Sleep Medicine Acronyms (From APAP to Zzzz): Part 4, S-Z

It can be frustrating trying to understand medical jargon of any kind. Sleep medicine acronyms are no exception.

Here is a series on abbreviations you are likely to encounter during your visits to a sleep specialist or sleep center. 

This fourth section highlights terms that start with the letters S through Z. 

See also: 

Sleep Medicine Acronyms (S-Z) 

 

S

SBD/SRBD/SDB

Sleep Breathing Disorder/Sleep Related Breathing Disorder/Sleep Disordered Breathing. This term references sleep disorders which impair respiratory system processes during sleep. They include snoring, upper airway resistance, sleep apnea, and hypoventilation. Learn more: 

 

SL

Sleep Latency. This measures the length of time that it takes to fall sleep, usually in stage 1 nonREM sleep, though sleep may also be initiated in other sleep stages. It is SL that is critically examined during the sleep test known as the MSLT. Learn more: 

 

SO

Sleep Onset. This is the moment you fall asleep, usually in stage 1 nonREM sleep.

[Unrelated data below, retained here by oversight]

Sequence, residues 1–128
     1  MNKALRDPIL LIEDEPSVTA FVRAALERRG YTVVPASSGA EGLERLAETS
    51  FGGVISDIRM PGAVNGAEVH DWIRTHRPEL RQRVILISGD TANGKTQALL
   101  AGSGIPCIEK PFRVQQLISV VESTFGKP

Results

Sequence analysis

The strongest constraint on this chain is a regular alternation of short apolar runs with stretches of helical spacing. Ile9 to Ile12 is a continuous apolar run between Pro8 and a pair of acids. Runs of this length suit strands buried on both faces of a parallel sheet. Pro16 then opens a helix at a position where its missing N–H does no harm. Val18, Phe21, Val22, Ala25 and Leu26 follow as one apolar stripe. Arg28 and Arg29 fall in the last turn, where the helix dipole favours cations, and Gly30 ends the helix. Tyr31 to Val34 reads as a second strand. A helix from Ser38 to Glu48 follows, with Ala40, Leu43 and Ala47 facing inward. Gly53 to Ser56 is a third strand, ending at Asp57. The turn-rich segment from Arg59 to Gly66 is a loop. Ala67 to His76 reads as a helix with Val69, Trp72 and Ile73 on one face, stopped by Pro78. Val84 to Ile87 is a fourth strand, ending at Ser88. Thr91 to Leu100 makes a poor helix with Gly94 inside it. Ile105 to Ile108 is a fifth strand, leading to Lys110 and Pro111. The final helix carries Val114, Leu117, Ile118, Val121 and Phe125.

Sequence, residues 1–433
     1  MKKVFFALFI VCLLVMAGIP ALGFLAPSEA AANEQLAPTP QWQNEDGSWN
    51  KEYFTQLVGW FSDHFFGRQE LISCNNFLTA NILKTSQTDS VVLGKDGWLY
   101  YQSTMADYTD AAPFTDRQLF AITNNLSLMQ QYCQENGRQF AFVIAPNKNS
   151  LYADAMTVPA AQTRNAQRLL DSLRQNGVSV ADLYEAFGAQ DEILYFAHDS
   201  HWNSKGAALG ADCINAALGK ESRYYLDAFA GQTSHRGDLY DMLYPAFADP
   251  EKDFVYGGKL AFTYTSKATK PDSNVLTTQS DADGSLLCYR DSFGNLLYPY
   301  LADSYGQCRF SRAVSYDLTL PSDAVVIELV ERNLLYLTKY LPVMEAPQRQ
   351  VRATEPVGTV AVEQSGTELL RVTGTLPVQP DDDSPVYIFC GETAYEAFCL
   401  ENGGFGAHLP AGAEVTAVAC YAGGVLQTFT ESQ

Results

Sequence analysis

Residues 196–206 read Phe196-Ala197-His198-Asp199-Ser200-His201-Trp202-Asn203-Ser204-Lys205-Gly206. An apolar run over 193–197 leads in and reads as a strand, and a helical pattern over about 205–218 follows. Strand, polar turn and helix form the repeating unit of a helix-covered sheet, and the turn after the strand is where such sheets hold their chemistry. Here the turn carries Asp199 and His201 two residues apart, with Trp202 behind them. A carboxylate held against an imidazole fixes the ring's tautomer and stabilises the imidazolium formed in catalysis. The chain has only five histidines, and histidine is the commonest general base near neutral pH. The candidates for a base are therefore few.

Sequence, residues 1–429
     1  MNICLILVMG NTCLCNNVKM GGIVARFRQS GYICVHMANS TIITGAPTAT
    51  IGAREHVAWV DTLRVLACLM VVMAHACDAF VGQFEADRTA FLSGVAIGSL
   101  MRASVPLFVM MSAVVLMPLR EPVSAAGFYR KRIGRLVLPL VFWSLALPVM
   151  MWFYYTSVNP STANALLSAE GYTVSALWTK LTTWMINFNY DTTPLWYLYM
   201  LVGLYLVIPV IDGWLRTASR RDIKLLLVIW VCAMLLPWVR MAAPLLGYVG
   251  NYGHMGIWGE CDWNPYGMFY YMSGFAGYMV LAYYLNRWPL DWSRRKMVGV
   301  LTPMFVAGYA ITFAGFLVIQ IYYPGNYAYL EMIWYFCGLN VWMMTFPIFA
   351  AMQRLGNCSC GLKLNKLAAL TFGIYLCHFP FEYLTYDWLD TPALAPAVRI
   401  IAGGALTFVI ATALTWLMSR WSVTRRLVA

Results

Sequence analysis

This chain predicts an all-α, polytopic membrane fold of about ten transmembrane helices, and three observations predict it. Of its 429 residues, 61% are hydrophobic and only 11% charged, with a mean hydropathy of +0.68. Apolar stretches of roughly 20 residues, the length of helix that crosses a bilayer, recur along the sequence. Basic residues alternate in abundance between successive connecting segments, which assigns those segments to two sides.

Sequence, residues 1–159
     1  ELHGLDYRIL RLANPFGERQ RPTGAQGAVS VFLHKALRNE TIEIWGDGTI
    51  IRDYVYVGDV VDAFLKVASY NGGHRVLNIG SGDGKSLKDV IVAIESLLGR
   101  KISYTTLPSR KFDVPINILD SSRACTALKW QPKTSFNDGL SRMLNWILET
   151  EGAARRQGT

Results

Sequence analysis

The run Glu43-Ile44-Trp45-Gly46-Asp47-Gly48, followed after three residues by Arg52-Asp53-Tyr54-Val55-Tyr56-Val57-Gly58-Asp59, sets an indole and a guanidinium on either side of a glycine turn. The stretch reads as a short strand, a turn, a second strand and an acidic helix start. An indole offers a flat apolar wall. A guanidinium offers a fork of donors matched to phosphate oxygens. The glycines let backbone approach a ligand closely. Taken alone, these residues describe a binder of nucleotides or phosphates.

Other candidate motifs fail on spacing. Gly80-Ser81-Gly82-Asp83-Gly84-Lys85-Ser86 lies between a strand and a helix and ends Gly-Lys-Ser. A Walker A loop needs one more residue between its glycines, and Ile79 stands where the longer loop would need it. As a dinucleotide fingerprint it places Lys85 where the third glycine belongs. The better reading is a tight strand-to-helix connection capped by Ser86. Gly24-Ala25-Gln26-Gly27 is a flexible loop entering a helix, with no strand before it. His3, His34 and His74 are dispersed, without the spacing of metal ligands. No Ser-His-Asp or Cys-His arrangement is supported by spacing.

SOREMP

Sleep Onset REM Period. A REM period that occurs at sleep onset. This is atypical, as most people transition from wakefulness to stage 1 nonREM sleep. The presence of SOREMPs during an MSLT or "nap test" indicates the potential for a diagnosis of narcolepsy. Learn more: 

 

SPO2

Blood Oxygen Saturation. This is expressed as a chemical equation: The S stands for saturation, the P stands for pulse, and the O2 stands for oxygen. A fingertip sensor known as a pulse oximeter is used during a sleep study to measure trends in both blood oxygen saturation and pulse throughout the test. 

 

SWS

Slow Wave Sleep. This is another name for stage 3 nonREM sleep, delta sleep, or deep sleep. Brain waves during slow wave sleep show a distinctive delta wave pattern. It is during this stage of sleep that the brain releases growth hormone into the bloodstream to help heal the body at the cellular level. 

 

U

UARS

Upper Airway Resistance Syndrome. A form of sleep-breathing disorder in which there are increases in resistance to airflow in the upper airway during sleep; this leads to brief arousals and daytime fatigue, even in the absence of apneas. Learn more: 

 

W

WASO

Wake After Sleep Onset. The total amount of time spent awake after sleep has been initiated. WASO is a marker of sleep fragmentation, in which people fall asleep, then awaken frequently all night during and between each sleep cycle. A high WASO index on a sleep study may reveal the cause of someone's excessive daytime sleepiness or confirm the presence of other sleep disorders. Learn more: 

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